Friday, 02 March 2018 14:37

Heavy winds to linger through evening

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The National Weather Service says a high wind warning and wind advisory remain in effect through 10 p.m.

The winds have caused numerous power outages throughout the Roanoke Valley.

At its peak there were about 1,000 residents in Halifax County without power, said Buddy Wrenn, county emergency manager coordinator.

While there has been a steady decrease in the power outages, trees are actively falling, he said. “To my knowledge there has been no structural damage to single family dwellings. I definitely suggest people be aware of limbs and shallow-rooted trees. There may be sporadic power outages throughout the day. It’s definitely trending in the right direction. We’re still getting calls about trees actively falling.”

Roanoke Rapids Public Works Director Larry Chalker said, “So far we’ve been lucky in the city. We’ve only had a few limbs down. There were some down last night causing scattered power outages and Dominion was right on top of that.”

Chalker said thus far the department has not discovered any structural damage in the city. “We do expect trees or limbs to fall before 10 p.m.”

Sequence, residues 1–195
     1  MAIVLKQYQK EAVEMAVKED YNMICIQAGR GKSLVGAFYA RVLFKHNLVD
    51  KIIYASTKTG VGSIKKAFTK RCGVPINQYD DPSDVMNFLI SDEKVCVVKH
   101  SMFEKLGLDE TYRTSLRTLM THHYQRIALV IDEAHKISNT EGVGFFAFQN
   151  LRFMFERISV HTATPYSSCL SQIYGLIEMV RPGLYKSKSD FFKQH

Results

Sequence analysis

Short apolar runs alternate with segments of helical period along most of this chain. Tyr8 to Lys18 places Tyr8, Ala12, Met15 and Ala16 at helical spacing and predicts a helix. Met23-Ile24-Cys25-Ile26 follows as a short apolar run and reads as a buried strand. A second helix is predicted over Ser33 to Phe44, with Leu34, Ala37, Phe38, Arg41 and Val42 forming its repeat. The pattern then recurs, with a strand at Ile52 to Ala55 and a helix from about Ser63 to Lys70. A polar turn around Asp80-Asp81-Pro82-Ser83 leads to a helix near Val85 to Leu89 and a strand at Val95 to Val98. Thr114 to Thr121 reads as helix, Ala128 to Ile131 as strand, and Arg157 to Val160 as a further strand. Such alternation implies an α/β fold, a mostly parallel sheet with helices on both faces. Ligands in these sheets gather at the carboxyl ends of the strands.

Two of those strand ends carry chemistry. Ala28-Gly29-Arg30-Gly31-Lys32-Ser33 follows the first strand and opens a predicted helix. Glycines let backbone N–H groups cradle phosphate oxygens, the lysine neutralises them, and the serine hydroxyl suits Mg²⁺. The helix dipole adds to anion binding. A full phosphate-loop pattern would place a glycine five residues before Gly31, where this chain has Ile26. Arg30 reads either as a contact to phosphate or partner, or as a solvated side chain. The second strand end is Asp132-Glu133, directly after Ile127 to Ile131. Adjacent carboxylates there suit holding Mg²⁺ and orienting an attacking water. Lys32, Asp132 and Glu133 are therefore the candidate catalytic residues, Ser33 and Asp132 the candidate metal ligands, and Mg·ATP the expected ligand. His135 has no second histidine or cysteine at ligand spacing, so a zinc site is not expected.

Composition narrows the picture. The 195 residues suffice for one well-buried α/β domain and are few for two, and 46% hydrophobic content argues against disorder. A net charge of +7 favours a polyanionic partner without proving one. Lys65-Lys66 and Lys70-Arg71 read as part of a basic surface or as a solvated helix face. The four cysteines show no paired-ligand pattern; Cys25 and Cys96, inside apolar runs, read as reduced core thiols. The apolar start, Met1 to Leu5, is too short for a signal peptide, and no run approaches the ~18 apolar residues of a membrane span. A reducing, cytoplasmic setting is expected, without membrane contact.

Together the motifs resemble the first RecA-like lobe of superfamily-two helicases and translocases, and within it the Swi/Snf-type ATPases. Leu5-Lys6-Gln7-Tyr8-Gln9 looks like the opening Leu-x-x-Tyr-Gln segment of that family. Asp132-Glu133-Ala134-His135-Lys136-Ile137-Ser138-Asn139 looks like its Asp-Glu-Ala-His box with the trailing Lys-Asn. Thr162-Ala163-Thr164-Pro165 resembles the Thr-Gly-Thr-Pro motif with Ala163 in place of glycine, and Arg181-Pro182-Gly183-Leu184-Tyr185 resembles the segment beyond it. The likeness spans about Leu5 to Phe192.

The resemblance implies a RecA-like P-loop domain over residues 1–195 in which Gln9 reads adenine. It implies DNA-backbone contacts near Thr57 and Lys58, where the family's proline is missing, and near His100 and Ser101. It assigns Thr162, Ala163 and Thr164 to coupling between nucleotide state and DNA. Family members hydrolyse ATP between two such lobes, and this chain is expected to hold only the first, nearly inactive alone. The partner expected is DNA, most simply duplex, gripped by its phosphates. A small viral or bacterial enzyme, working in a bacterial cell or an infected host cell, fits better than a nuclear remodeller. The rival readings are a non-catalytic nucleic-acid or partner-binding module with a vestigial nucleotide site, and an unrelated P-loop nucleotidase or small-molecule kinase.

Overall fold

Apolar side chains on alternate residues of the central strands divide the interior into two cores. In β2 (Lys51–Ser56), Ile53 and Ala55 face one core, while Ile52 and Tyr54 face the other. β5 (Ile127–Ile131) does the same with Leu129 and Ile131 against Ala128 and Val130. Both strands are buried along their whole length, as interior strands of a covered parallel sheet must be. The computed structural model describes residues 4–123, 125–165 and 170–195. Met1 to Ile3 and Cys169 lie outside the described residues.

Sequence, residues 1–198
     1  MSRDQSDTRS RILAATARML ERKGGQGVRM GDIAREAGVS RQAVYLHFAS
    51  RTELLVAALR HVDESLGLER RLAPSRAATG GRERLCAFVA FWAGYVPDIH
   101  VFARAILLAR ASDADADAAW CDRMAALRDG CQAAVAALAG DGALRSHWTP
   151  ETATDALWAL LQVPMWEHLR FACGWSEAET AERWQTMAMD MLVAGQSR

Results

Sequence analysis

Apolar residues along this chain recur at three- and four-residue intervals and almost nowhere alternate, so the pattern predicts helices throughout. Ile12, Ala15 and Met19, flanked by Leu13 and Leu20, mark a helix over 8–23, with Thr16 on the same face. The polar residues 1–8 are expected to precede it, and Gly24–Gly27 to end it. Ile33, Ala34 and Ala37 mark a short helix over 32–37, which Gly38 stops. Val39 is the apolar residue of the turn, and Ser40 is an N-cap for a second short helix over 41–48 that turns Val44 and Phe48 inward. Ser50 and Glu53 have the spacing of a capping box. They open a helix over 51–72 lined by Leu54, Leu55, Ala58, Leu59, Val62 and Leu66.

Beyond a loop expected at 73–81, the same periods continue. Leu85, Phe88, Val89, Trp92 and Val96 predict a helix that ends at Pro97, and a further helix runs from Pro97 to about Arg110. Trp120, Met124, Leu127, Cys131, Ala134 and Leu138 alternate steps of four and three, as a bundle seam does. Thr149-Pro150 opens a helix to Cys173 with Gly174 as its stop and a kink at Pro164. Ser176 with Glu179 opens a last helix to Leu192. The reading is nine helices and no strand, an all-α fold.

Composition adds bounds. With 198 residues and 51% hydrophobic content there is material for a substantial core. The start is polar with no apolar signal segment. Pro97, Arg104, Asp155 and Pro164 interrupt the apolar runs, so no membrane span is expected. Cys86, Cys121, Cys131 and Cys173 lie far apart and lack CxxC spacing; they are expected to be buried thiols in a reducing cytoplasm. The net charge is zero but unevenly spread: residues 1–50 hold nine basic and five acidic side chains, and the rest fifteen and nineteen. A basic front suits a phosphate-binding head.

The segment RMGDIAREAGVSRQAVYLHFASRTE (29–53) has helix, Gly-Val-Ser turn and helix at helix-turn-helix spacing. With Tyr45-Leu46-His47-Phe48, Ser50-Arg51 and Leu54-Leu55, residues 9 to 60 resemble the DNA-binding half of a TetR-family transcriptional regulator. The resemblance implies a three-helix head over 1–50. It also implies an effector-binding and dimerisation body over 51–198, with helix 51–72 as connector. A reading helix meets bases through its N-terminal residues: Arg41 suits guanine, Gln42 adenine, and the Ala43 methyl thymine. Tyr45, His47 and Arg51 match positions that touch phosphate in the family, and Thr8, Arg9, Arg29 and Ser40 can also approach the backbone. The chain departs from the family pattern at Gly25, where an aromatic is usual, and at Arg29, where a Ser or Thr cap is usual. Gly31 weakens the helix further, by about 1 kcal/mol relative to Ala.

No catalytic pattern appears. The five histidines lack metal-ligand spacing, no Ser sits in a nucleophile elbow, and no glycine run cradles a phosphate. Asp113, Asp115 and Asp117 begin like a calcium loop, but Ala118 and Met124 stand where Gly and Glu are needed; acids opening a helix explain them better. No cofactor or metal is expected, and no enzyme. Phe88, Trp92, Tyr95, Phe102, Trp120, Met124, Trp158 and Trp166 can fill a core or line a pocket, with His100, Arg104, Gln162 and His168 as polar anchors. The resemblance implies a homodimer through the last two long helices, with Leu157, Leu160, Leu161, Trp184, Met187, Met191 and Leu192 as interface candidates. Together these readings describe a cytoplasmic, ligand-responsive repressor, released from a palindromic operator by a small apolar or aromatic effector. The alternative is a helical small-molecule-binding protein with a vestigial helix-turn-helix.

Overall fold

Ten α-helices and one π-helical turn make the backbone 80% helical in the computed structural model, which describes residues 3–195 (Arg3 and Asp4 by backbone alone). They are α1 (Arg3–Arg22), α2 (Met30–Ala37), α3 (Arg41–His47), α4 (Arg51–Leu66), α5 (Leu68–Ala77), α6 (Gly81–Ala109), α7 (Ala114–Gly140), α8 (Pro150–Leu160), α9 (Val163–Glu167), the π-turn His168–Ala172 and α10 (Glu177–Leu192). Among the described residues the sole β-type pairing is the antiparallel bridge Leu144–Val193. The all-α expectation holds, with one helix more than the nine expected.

He said Dominion is mobilizing at the theater, bringing in bucket trucks and crews.

As of this report, Dominion’s outage map shows approximately 77 customers without power in Halifax County and about 446 without power in Northampton County.

In its latest social media post, Halifax Electric reported, “Our service area is experiencing sustained winds of 25 miles per hour today with occasional gusts of up to 44 miles per hour. These winds are blowing tree limbs onto our power lines which has caused outages. At this time we have approximately 100 members without power. Crews are diligently working to restore power.”

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A Dominion employee surveys a line this morning.

Dominion said in a statement this morning, “Our patrol teams are out in force to locate and assess damage as quickly and safely as possible. They will ensure we get the right resources to the right locations. Early damage assessments have been consistent with typical wind storms: downed wires and broken crossarms, as well as some fallen trees and broken utility poles.”

Dominion has brought in additional restoration workers and “will continue to work around the clock as quickly and safely as possible until power is restored to all customers. Very high wind and extreme weather conditions remain possible, which may temporarily delay restoration.”

The company says to beware of any lines that may have fallen or come into contact with trees, debris, or water as they could be energized. “Stay at least 30 feet away and make sure your family, pets, and neighbors also avoid the downed wire.”

Call Dominion Energy right away at 1-866-DOM-HELP (1-866-366-4357) to speak with an agent to report downed wires.

Read 1561 times Last modified on Friday, 02 March 2018 14:57

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